This bit from Norm Ornstein’s analysis of the internal politics of the GOP is just a lazy assertion:
And while some Southern Republicans such as Lindsey Graham remain fierce internationalists, the South, and the House, have become the epicenter of anti-defense and anti-diplomacy isolationism typified now by border Senator Rand Paul.
As a description of Paul’s views, this is wrong for all the usual reasons, and as an analysis of where the antiwar and non-interventionist Republicans are it is very misleading. There are some antiwar Republicans from the South and in the House, such as Rep. Walter Jones of North Carolina, but there are a lot more hawks and interventionists. Judging from Ron Paul’s support in the 2012 primaries, there is less support in Southern Republican electorates for a non-interventionist and antiwar message than among Republican voters in other parts of the country. To the extent that all House members are more responsive to their constituents’ views, there is probably a higher percentage of House Republicans opposed to intervention in Syria compared to Republicans in the Senate. That is not because House Republicans are preoccupied with “ideological purity and tribal politics” in this particular case, but because their voters are so averse to greater involvement in Syria than the representatives feel compelled to break ranks with their party’s hard-liners and ideologues.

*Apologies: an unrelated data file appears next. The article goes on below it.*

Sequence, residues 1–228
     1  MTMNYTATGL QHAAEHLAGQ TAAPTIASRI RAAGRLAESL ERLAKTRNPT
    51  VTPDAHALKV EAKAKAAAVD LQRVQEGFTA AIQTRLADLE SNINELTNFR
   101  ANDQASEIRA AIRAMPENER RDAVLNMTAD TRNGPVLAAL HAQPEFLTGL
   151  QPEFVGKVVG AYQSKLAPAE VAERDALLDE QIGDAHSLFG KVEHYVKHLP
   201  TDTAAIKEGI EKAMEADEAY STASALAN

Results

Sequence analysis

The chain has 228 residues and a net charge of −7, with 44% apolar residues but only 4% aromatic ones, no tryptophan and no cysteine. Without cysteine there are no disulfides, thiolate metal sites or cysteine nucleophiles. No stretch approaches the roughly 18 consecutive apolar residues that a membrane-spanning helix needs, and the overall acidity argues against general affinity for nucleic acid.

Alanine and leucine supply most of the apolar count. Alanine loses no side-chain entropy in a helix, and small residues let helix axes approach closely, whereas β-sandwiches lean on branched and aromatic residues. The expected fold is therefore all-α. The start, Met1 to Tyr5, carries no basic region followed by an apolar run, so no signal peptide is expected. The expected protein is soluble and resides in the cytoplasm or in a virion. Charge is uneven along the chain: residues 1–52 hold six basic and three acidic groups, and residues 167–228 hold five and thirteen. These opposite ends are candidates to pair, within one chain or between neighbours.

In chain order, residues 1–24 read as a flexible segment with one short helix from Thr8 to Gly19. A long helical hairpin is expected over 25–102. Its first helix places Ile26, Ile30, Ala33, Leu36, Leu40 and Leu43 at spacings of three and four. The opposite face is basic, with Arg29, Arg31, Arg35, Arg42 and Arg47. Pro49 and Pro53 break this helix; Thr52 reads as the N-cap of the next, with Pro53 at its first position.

If Ornstein thinks that an increase in so-called “anti-defense and anti-diplomacy isolationism” among Republicans is an obstacle to “building a durable, competitive national party base to win presidential and Senate majorities,” he is badly misreading the public’s mood on foreign policy. Perhaps because his description of Paul’s views is such an absurd caricature, he fails to recognize that moving away from an aggressive and overly militarized foreign policy is likely to broaden the party’s national appeal. One of the GOP’s political weaknesses is the accurate perception that it will reflexively support increased military spending and foreign wars. Insofar as the GOP’s foreign policy is identified with the “fierce” internationalism of a Lindsey Graham, a majority will be able to write the party off as reckless and irresponsible on these issues for many years to come.
As for supposedly being “anti-diplomacy,” it isn’t non-interventionists and realists that continually portray most kinds of diplomatic engagement as betrayal, appeasement, or some other form of villainy. On the contrary, they are the ones that favor engagement with other governments in order to reduce tensions and lessen the chance of conflict.